This year we visited the Grand Canyon of the Colorado River, a place which gets about 4.5 million visitors a year. Most of these visitors never descend into the canyon and until a century and a half ago, most of the canyon had never been traveled by anyone. Indians of the area descended into the canyon and even farmed and lived there in certain areas, but they were not able to and did not travel along the bottom of the canyon for any distance. Travel at the time was in and out of the canyon but not along the canyon.
John Wesley Powell changed all that. The American Civil War had just ended and Powell who had been a Major in the Union Army organized an expedition to explore the Colorado River and its tributaries. The US was still relatively young. Americans were still moving west and if the movement west was going to go forward in earnest then transportation routes were needed, not only to bring people into the region but also to export resources out of the region. Major Powell was the man to find those transportation routes.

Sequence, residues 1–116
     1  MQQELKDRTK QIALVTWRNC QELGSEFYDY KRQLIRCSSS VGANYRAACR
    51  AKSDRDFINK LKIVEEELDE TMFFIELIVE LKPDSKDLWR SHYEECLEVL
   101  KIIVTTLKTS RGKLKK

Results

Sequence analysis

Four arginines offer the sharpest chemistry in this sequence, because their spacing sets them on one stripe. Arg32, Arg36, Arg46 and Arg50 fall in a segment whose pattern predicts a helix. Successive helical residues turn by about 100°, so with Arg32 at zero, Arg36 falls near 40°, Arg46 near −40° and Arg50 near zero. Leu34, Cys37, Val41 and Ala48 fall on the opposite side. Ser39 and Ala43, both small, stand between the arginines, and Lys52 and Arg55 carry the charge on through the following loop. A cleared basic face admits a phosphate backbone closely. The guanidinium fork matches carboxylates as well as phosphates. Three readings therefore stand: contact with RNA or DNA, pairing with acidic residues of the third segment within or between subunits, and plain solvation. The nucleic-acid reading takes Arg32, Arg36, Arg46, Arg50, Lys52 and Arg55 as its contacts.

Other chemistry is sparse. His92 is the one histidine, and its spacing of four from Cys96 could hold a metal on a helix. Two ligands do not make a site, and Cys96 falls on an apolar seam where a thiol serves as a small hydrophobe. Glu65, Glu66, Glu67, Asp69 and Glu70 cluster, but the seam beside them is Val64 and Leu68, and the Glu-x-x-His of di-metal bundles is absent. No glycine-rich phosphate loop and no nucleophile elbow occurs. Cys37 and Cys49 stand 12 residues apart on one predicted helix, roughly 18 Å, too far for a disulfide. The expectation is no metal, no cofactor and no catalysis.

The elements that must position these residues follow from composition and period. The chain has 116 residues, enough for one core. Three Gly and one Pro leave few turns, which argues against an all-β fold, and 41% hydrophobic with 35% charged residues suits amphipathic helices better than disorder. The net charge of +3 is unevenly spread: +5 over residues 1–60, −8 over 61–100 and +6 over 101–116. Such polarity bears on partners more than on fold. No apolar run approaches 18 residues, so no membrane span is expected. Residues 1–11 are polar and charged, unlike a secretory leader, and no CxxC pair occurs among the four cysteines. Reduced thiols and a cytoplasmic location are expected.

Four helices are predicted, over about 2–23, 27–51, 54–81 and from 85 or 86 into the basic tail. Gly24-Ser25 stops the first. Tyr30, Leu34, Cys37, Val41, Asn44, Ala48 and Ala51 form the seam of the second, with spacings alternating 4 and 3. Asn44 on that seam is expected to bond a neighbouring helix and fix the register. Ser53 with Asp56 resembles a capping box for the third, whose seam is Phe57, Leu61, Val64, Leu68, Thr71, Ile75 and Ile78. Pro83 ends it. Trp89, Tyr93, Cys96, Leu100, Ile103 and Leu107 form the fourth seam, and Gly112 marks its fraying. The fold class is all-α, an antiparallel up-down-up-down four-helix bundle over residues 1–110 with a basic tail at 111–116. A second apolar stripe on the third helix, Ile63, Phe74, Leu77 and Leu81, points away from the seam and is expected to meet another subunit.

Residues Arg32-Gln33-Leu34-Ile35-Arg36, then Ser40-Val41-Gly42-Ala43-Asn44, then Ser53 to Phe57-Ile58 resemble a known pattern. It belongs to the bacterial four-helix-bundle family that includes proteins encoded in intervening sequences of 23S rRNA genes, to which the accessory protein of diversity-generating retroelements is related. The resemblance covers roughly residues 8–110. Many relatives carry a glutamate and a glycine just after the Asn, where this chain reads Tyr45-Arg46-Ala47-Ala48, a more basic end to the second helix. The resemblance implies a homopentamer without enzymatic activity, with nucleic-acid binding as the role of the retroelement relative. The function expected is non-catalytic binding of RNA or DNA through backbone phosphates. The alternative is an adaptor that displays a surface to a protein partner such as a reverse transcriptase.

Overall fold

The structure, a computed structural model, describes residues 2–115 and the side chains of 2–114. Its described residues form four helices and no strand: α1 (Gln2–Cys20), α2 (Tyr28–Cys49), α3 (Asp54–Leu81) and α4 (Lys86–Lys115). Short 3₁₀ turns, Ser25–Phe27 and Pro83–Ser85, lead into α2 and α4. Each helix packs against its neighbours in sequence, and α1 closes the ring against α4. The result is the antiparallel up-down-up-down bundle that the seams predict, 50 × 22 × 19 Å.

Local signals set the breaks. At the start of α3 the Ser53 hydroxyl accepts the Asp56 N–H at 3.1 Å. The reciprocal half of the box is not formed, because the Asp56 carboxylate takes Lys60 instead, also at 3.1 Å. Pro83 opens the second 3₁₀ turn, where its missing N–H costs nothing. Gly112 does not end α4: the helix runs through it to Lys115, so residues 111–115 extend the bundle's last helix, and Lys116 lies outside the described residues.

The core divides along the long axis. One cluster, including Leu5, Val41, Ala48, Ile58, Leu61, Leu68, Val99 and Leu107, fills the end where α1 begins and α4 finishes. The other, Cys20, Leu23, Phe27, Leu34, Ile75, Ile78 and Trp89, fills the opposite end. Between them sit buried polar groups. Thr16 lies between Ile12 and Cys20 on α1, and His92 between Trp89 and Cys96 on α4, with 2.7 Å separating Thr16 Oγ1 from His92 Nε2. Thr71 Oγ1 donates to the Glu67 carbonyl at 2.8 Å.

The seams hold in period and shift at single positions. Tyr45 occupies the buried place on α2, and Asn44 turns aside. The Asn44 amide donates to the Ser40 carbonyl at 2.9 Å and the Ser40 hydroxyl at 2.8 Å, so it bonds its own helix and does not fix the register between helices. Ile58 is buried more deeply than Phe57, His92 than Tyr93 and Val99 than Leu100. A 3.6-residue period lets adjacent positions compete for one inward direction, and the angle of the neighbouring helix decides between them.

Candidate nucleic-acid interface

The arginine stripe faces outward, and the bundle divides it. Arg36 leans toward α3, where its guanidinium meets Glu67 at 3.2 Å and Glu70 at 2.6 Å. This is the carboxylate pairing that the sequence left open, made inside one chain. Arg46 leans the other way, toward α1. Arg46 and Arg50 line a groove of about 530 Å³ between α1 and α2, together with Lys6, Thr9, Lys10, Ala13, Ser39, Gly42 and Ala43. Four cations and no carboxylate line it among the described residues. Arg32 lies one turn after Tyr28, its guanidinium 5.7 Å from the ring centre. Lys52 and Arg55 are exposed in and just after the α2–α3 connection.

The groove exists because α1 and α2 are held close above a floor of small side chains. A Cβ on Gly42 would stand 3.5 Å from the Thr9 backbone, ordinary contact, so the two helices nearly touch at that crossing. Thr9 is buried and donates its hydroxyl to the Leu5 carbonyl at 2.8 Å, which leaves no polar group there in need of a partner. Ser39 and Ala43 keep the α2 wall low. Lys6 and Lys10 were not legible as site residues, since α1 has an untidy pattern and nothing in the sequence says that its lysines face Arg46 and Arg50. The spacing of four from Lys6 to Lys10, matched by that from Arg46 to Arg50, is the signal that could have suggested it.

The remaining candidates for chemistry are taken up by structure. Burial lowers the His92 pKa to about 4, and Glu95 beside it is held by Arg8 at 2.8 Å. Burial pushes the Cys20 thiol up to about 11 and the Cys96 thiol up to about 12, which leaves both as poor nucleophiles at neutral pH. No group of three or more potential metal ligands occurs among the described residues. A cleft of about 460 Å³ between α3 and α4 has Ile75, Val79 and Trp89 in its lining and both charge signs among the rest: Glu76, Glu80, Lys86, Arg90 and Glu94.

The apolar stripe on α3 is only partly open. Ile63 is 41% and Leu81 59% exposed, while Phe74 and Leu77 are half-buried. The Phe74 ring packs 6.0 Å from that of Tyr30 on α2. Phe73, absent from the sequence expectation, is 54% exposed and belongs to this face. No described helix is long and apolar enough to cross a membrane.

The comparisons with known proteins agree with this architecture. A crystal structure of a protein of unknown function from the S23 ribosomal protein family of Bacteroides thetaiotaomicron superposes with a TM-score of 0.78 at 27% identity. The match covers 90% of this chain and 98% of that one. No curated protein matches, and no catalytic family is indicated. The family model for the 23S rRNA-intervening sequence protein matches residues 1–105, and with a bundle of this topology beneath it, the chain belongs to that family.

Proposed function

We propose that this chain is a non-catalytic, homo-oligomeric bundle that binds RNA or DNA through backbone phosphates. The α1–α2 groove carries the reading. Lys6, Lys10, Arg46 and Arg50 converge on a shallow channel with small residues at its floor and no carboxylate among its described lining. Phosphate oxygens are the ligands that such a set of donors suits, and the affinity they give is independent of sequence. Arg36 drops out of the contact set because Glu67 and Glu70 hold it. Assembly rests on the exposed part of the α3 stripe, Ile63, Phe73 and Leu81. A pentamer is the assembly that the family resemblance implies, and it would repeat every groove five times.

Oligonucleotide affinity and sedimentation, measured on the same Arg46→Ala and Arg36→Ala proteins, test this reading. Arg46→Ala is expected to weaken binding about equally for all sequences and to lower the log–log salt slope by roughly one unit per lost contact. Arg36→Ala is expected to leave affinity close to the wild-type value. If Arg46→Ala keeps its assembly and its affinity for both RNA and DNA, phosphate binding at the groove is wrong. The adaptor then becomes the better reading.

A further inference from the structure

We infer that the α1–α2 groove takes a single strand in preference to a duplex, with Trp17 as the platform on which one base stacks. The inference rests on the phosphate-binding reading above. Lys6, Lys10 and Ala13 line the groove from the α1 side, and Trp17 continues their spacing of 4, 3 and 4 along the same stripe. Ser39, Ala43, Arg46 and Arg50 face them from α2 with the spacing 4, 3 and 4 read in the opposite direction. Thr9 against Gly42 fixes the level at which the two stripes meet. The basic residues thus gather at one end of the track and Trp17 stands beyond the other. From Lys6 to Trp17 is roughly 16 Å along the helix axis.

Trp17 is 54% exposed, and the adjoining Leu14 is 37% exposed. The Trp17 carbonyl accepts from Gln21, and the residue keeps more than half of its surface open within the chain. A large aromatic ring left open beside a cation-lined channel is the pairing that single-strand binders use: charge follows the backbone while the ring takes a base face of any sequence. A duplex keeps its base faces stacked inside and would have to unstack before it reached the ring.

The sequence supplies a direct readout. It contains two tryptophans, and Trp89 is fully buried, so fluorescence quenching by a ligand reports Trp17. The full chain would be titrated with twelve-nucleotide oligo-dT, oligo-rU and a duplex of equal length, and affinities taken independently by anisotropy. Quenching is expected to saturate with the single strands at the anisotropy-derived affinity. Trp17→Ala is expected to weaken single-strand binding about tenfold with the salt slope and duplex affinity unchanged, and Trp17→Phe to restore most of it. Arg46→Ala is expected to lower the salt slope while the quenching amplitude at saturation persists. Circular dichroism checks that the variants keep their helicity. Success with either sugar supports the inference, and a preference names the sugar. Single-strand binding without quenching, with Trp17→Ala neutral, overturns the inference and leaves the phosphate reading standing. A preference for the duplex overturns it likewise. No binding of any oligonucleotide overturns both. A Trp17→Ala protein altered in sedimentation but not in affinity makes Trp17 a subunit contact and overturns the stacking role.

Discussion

I knew the basics of Powell's story but after my own trip to the Grand Canyon, I pulled Powell's report of his journey off my book shelf where it had sat unread by me for a number of decades. It was time to upgrade my knowledge of this piece of Western history.
I have not finished Powell's book so this is an incomplete report, but this being a boat related blog, I will focus on Powell's means of transportation, that is, wooden row boats.
As the journey progressed, the canyons became deeper and the expedition encountered falls and rapids. The picture above shows one of the options for dealing with rapids, that is, to run them.
If the rapids were too severe the boats needed to be unloaded, the gear carried to the bottom of the rapids and then the boats. All this took time and lots of work.
Photos are from the National Park Service site.